Two Khmer Rouge leaders sentenced to life in prison
PHOTO: Pnomh Penh Post
A UN-backed court has found two leaders of Cambodia’s murderous Khmer Rouge regime guilty of genocide. The judgement comes four decades after the regime which oversaw what became known as the Killing Fields, was overthrown.
Most of the victims of the 1975-79 regime died of starvation, torture, exhaustion or disease in labour camps. Others were simply bludgeoned to death during mass executions, many in areas just out of the Cambodian capital Phnom Penh.
Up to 2.2 million people, a quarter of Cambodia’s population at the time, died during the four year rule of the Khmer Rouge.
The Extraordinary Chambers in the Courts of Cambodia (ECCC), said Khmer Rouge “Brother Number Two”, 92 year old Nuon Chea and former President 87 year old Khieu Samphan were guilty of genocide against the Cham Muslim minority and Vietnamese people, and of crimes against humanity. The pair have been sentenced to life in prison.
They were already serving life sentences for 2014 convictions for crimes against humanity, in connection with the forced evacuation of Phnom Penh after the Khmer Rouge took power under their notorious leader Pol Pot in 1975.
There had been debate for years among legal experts at to whether the killings by the Khmer Rouge constituted genocide, as the vast majority of victims were fellow Cambodians.
The court found that during their rule, the Khmer Rouge’s policy was to target Cham and Vietnamese people to create “an atheistic and homogenous society without class divisions”, Judge Nil Nonn said in the verdict.
Hundreds of Vietnamese civilians and soldiers were also killed at the infamous S-21 interrogation centre, at a converted Phnom Penh school called Tuol Sleng, after being tortured to admit being spies. Tuol Sleng remains a gruesome tourist attraction and testament to the systematic torture and execution of those who ended up there during the brutal regime.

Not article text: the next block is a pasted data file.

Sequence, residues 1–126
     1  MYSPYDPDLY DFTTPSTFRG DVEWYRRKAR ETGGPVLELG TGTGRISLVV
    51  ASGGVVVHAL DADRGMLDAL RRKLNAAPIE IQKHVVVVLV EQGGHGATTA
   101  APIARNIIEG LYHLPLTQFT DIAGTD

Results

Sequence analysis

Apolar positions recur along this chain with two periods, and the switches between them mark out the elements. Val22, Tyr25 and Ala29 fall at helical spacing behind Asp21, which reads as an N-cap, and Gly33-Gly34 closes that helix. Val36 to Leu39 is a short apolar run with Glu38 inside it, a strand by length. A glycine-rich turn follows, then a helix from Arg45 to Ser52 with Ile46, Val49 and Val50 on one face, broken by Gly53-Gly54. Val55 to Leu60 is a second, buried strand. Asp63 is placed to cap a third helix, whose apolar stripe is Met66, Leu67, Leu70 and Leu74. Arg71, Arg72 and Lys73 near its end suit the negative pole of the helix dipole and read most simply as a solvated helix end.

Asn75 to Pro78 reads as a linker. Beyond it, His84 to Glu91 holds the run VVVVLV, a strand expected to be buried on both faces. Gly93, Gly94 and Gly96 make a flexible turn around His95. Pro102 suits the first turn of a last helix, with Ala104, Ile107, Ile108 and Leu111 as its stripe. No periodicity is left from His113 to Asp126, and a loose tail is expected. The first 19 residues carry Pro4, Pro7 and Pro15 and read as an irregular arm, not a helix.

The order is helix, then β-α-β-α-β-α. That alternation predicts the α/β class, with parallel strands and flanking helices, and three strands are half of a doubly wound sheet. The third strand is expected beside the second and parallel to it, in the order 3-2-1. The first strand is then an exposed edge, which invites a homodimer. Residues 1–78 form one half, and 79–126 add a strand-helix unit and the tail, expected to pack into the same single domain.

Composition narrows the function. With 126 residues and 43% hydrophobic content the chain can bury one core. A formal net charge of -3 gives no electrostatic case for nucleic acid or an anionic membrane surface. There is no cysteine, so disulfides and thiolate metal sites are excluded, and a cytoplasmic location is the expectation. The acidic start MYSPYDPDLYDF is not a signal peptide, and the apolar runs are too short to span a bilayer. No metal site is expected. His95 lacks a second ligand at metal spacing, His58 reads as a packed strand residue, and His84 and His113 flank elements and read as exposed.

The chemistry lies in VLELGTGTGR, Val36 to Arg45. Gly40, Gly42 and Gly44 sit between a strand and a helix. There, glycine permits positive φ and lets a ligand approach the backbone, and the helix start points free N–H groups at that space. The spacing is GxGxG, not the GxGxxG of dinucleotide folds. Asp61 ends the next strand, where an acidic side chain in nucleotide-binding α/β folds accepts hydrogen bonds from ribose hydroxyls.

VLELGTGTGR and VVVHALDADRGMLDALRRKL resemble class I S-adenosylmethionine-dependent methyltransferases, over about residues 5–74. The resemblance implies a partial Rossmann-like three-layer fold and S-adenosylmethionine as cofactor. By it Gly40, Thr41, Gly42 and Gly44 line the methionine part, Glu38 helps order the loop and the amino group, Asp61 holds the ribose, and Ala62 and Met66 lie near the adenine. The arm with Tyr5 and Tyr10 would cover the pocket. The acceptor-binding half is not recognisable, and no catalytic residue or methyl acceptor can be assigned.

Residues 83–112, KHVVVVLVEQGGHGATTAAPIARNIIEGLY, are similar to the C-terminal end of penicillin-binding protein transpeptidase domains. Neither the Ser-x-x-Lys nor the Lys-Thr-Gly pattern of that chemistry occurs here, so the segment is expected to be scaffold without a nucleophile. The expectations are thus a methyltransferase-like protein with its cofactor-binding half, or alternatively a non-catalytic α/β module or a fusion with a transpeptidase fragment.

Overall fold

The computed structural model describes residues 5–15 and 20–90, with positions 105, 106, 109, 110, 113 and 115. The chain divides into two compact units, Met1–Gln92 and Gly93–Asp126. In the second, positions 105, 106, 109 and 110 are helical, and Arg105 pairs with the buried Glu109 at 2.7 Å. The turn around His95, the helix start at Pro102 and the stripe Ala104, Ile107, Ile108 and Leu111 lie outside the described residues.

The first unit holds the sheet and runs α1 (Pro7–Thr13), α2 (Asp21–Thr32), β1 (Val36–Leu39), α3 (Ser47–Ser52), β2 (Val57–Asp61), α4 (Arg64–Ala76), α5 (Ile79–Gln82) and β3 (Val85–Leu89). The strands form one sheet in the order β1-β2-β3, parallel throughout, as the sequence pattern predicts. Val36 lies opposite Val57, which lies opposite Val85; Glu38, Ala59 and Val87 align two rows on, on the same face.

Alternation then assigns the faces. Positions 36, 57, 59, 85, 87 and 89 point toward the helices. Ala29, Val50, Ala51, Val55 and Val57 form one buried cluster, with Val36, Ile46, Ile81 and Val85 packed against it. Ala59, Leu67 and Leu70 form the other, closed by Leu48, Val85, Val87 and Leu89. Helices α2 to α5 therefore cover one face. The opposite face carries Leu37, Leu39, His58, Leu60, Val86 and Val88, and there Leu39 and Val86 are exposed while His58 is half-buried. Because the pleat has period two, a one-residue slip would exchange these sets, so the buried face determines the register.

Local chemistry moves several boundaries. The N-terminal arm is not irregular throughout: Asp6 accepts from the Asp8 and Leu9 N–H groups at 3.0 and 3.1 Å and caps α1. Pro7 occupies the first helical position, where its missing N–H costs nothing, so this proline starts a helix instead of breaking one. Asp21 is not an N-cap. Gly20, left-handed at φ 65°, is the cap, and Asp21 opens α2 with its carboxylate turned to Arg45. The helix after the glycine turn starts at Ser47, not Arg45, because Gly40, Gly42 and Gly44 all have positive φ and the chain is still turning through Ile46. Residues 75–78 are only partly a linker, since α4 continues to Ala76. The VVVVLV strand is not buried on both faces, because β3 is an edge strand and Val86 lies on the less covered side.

“The fate of all these prisoners was a foregone conclusion as they were all ultimately subject to execution.”
Both Khieu Samphan and Nuon Chea appeared for the court session but Nuon Chea was excused after 40 minutes complaining of back pain. He continued to follow the proceedings from his cell.
Khieu Samphan, looking frail and gaunt. He stood in the dock with the help of prison guards when Nil Nonn read the verdict.
The court, a hybrid UN and Cambodian tribunal, was set up in 2005 to bring to justice “those most responsible” for the deaths under the Khmer Rouge. The court has convicted only three people.
Its first conviction was in 2010 when it sentenced Kaing Guek Eav, alias “Duch”, head of S-21 where as many as 14,000 people were tortured and executed, to life in prison.
Two other Khmer Rouge leaders, Ta Mok and Ieng Sary, were facing charges but died before the case was concluded. Pol Pot died in 1998.
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